I’m just reading The God Delusion by Richard Dawkins (Guardian review). For those of us that spent our school days making intense, and supposedly clinching, arguments to religious friends of the type: “if God made the world, then what made God?”, Dawkins’ polemic offers an unvarnished orgy of smugness – the simple joy of having what you have long held to be certain read back to you with great erudition and scholarship. One of his best and angriest propositions relates to the indoctrination of children with religious ideas.
“I want everybody to flinch when they hear a phrase such as ‘Catholic child’ or ‘Muslim child’. Speak of a ‘child of Catholic parents’ if you like, but if you hear anybody speak of a ‘Catholic child’, stop them and point out that children are too young to know where they stand on such issues, just as they are too young to know where they stand on economics or politics.”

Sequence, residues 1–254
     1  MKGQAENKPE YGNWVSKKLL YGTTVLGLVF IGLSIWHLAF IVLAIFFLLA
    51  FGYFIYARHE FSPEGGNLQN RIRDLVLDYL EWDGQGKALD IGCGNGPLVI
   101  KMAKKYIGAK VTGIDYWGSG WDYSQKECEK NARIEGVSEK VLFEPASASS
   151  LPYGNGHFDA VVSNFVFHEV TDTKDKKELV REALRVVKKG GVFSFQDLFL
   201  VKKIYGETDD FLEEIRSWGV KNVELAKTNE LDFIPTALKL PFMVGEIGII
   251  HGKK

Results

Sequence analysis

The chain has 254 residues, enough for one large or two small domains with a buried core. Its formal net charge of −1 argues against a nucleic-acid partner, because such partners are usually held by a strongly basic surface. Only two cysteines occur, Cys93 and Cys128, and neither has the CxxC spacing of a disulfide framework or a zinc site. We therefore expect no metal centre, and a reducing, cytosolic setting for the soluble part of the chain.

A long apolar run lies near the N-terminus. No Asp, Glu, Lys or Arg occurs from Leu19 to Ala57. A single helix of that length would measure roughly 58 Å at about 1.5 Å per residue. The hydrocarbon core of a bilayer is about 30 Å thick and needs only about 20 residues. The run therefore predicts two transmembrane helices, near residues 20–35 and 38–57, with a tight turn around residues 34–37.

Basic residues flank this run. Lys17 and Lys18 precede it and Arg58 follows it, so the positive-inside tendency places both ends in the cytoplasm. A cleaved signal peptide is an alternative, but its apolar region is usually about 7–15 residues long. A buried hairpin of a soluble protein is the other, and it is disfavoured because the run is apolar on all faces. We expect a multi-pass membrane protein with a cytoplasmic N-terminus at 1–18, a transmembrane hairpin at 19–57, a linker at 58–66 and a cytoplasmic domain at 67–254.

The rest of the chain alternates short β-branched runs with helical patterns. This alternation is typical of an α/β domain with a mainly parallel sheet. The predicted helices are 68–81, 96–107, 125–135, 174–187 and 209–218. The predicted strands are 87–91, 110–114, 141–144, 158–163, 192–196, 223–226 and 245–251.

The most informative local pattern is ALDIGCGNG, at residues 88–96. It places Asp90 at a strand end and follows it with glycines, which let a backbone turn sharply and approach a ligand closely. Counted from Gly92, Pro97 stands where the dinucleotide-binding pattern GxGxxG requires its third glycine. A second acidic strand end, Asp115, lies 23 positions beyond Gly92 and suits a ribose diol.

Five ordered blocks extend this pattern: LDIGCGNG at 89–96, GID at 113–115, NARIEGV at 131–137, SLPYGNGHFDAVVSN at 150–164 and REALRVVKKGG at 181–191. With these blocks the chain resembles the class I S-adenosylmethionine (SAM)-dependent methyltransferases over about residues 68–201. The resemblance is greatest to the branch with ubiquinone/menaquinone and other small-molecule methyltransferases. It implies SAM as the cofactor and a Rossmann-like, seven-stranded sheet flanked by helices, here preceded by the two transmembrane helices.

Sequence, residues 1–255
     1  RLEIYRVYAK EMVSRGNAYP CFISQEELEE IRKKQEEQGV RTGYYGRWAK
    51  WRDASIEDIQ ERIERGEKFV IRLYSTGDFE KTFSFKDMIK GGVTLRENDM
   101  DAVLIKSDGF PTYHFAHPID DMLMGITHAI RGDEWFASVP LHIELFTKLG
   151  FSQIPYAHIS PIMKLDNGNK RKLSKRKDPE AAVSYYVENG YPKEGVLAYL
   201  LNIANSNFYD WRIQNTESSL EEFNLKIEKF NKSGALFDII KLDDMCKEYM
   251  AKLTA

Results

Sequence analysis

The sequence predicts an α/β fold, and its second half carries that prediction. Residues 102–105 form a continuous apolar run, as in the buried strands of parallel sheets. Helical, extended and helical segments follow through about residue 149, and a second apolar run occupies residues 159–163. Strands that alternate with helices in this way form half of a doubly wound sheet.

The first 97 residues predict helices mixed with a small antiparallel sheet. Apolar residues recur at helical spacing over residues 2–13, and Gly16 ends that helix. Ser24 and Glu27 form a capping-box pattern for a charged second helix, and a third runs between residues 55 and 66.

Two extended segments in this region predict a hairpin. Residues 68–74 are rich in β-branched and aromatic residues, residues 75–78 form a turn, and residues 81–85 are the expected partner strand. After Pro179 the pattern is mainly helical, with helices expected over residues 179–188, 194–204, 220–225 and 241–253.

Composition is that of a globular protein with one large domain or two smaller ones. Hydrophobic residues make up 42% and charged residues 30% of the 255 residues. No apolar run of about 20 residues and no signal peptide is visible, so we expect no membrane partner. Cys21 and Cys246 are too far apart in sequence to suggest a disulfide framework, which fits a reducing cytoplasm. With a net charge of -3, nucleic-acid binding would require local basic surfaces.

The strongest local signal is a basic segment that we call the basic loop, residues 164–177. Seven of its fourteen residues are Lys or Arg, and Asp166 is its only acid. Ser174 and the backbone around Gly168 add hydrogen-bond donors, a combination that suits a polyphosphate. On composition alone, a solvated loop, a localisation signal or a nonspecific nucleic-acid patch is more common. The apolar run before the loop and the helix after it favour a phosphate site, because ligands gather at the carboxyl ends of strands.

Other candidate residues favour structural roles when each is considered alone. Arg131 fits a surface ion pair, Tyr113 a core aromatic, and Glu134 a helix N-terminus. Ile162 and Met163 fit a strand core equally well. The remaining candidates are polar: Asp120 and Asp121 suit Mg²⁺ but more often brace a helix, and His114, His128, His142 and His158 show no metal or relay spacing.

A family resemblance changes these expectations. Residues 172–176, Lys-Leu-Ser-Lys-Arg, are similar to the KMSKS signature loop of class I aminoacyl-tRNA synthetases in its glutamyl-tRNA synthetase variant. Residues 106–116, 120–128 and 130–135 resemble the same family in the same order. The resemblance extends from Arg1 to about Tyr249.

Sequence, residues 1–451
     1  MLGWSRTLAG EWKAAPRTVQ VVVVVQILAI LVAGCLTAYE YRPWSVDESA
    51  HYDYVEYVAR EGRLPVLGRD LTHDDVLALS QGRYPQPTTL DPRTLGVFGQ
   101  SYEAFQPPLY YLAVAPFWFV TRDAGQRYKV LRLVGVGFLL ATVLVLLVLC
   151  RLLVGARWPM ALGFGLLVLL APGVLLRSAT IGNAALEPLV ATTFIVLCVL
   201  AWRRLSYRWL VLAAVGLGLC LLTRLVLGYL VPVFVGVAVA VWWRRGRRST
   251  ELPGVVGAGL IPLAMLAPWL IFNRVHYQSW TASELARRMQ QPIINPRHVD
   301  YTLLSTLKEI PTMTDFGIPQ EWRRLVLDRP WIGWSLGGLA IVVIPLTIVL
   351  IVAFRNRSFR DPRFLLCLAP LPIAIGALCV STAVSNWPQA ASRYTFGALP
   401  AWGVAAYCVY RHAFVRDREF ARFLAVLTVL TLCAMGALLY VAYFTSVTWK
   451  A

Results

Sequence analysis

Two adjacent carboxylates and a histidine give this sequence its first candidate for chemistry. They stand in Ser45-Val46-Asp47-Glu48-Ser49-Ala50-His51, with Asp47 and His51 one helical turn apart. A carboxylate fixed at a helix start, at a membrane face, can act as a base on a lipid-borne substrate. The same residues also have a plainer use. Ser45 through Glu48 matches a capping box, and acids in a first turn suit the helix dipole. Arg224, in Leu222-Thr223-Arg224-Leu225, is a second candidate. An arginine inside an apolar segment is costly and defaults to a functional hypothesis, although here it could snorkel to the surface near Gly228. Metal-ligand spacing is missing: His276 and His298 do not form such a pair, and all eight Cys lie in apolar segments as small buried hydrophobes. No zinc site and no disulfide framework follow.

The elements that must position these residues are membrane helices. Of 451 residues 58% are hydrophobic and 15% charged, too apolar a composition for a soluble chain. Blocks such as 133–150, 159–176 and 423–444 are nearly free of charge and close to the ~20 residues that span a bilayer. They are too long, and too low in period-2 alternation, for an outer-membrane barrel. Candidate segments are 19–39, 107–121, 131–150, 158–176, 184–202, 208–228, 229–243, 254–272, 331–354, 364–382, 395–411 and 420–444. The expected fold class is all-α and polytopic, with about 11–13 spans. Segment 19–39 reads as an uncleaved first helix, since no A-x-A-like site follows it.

On the same note, I really can’t bear the idea of ‘faith schools’. And there are a lot of them (6276 primary and 588 secondary – see chart above & DFES stats for England). A dictionary definition of ‘faith’ is ‘complete trust or confidence’. But the essence of good education is curiosity, scepticism and open-mindedness – the antithesis of faith. A range of arguments is advanced for these institutions, such as better performance etc (see discussion here). I don’t think they add up to much and certainly not enough to justify contaminating an education with a predefined belief system granted immunity from scrutiny and challenge.
Despite so much religious madness in the United States, the founding fathers were wise enough to keep religion and government apart. The ‘Establishment Clause‘ of the First Amendment of the American constitution both provides for religious freedom, but requires separation of church and state – a principle regularly upheld by the Supreme Court. I really wish we had a simple constitutional separation like this… There is nothing to stop children indulging in folklore and fantasy outside school, if their parents can make them.